We decided to take a moment to surface the five biggest change-making ideas of 2019, guided by you, our readers. We read the comments and tweets and saw what was catching your attention. As we enter the new decade, we’re feeling more motivated than ever to build an inclusive future that respects the dignity of all people and create regenerative business models to support a healthy planet.
If you’re like us, 2019 was a year of transformation. At the beginning of the year, we announced a major leadership change. Steve Piersanti, founder and president, stepped down and passed the torch to Johanna Vondeling and David Marshall, and moved into a full-time editorial role. With new leadership also comes organizational shifts—we doubled down on our efforts to work with authors committed to diversity, equity, and inclusion and moving ever closer to connecting people and ideas to create a world that works for all.
Here are some of the biggest ideas that’ll help us get there.
1. Building the company of the future, from the ground up
Looking ahead, we made a central focus of 2019 discussing how an inclusive and progressive company of the future is actually run. In one of his first posts as CEO and CFO of Berrett-Koehler, David Marshall envisages a New Business Paradigm, a revolutionary model in which organizations are “more earth-friendly, eschew hierarchical decision making, and share information freely.” We also hosted our third online summit, The People First Economy Summit, which brought together leaders and activists across industries to engage in dialogue on structural change and share tools that practically implement and develop a democratic, equitable economy that empowers the many, and not just the few. In his recent talk at The People First Economy Online Summit, David goes into detail about how Berrett-Koehler is eating its own cooking when it comes to embodying how this company of the future operates.
One of the leading groups spearheading this charge to support companies of the future and creating an inclusive economy is the B Corporation Movement, led by the non-profit, B Lab. B Corps and Benefit Corporations, including your very own Berrett-Koehler Publishers, are a group of certified businesses and organizations contributing to a growing global movement dedicated to making this new economy a reality. Companies like Patagonia serve as examples of how the B Corp movement is able to accomplish great things that are in the best interest of people and the planet. Last year the B Corp Movement issued the Inclusive Economy Challenge and introduced rigorous certification metrics around DEI work. Ryan Honeyman, the co-author of The B Corp Handbook, explains this shift in the second edition, and writes about his experience with confronting white supremacy in his own life and work.
2. Inclusion, or bust
Many organizations have announced their commitment to supporting initiatives for increasing Diversity, Equity, and Inclusion (DEI) over the years, but are still falling short of achieving true equity and respecting difference. So what gives? The problem is that, unfortunately, too many DEI efforts amount to little more than lip service.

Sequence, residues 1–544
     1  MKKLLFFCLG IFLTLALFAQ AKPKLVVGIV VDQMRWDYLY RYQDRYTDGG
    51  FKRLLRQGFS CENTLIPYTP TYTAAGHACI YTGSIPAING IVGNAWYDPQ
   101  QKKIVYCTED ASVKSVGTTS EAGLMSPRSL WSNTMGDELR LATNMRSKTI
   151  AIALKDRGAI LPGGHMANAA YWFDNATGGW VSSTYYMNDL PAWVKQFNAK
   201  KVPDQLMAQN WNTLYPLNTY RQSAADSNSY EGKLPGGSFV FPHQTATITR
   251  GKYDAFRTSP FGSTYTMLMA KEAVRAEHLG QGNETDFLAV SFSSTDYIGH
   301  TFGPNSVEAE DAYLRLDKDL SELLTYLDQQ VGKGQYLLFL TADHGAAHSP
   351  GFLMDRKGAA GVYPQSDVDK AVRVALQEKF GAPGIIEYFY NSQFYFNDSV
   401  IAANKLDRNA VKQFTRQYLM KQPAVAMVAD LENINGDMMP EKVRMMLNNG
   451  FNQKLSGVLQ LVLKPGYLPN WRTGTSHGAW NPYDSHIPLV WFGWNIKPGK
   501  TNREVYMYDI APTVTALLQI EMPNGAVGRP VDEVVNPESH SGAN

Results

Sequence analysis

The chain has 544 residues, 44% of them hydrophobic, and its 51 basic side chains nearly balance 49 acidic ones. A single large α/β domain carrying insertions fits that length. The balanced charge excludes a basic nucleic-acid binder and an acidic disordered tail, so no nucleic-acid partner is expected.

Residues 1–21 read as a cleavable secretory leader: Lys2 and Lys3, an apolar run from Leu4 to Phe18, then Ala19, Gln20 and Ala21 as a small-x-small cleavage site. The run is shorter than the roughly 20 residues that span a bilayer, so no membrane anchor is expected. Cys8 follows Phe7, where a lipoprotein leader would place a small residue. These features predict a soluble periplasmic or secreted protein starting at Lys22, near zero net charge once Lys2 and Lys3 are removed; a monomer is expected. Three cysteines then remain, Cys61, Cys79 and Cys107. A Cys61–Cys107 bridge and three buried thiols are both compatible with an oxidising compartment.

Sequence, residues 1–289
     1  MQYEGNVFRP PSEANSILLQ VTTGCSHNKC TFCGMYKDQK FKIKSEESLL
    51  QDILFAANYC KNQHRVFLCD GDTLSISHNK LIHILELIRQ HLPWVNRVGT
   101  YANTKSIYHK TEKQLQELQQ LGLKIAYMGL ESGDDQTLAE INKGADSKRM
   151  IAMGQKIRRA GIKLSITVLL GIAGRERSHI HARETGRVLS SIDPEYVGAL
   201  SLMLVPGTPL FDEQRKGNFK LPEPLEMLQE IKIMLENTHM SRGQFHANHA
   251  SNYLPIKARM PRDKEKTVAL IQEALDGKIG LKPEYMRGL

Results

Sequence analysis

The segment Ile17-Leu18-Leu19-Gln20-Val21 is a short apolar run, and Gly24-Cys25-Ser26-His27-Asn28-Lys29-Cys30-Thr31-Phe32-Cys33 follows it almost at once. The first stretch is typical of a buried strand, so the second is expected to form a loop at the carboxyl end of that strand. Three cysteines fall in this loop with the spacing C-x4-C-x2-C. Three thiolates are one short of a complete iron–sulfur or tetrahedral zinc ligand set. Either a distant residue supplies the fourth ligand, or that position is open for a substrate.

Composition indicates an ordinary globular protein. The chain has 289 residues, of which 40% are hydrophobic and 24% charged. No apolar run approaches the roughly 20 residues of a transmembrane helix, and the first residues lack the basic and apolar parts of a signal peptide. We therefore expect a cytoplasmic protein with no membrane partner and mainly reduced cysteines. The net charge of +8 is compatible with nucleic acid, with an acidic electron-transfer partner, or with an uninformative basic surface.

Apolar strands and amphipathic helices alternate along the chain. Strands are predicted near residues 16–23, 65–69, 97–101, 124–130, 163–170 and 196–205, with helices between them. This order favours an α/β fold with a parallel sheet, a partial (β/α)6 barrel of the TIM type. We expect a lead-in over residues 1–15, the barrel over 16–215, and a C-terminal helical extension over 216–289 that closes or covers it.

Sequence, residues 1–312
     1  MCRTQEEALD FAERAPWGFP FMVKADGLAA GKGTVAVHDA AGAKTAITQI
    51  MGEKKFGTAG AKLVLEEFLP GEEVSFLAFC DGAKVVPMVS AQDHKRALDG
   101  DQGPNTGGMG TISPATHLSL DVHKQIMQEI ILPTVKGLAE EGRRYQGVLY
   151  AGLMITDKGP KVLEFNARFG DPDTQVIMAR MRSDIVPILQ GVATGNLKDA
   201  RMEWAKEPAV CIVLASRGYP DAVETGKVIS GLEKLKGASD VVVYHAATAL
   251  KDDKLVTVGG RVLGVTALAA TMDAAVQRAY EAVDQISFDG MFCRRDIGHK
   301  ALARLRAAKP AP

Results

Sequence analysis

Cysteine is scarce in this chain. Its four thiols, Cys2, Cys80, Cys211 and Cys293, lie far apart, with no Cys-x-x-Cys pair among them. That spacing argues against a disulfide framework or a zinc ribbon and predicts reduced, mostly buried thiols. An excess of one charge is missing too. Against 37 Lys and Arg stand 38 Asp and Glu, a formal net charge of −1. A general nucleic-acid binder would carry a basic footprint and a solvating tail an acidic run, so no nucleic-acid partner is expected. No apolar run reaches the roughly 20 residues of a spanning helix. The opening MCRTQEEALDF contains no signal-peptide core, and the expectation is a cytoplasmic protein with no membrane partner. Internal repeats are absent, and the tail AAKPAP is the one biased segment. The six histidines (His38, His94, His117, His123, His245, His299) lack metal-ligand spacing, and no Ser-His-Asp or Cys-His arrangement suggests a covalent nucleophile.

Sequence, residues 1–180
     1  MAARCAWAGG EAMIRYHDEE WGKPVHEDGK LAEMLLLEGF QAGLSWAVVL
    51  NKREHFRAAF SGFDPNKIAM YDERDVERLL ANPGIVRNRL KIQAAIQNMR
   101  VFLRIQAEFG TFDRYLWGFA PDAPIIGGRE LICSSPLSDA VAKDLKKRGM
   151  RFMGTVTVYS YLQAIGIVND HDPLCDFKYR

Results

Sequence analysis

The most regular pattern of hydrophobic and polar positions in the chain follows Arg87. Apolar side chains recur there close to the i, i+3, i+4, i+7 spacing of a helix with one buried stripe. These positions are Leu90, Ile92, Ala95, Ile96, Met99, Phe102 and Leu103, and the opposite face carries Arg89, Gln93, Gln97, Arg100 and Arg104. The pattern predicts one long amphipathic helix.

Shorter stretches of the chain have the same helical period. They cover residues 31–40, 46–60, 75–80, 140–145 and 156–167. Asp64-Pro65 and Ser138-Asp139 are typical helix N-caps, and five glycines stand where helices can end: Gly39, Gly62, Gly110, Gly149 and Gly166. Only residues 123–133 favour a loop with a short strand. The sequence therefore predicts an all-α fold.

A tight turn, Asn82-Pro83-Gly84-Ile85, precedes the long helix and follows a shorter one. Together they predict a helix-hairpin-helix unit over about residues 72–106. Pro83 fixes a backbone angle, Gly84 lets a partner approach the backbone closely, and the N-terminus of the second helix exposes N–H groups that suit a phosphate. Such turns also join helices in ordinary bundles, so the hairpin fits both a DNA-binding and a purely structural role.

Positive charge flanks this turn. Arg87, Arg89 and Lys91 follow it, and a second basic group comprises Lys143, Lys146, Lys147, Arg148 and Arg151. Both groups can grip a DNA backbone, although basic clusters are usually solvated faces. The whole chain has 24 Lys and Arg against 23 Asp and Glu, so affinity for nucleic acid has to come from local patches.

The main roadblock getting in the way of effective DEI programs is the failure to acknowledge that many of these programs don't execute their goals, rely too heavily on shallow "diversity optics," and avoid the deep work of structural change. Though there may be good intentions fueling efforts to increase diversity, an inordinate number of organizations are actually thinking about Diversity and Inclusion backward and overlook the importance of inclusive workplace cultures. Without serious consideration about the implicit biases (like microaggressions, harassment, or underrepresentation) that make inclusion and a sense of belonging impossible, employees from historically marginalized communities will continue to leave in droves. Emphasizing inclusion is more than a “bleeding-heart ideal”; it’s critical that organizations acknowledge that DEI is a top priority for younger generations that are the burgeoning majority of the workforce. Effective DEI programs are vital to the success of any organization that wishes to remain viable in the future and attract young talent.
Inclusion must be an all-hands-on-deck effort, from employee-run programs to leadership to organizational development, all systems, processes, and modes of communication should be developed with inclusion at their core. BK author Jennifer Brown writes about where to begin in building an inclusive leadership style, and DEI expert and consultant La’Wana Harris offers the necessary tools to coach people through their DEI journey. Leadership, in general, can play a huge role in building a workplace culture where everyone feels included. If achieving true inclusion feels like an insurmountable task that can’t grow to scale, then think again. Successful companies like L’Oreal, Accenture, and Gap are already setting a precedent, and you can, too. And you’re not alone here, either, because building inclusive workplaces is at the front of our minds at Berrett-Koehler.
3. Create the leadership style that’s right for you and your organization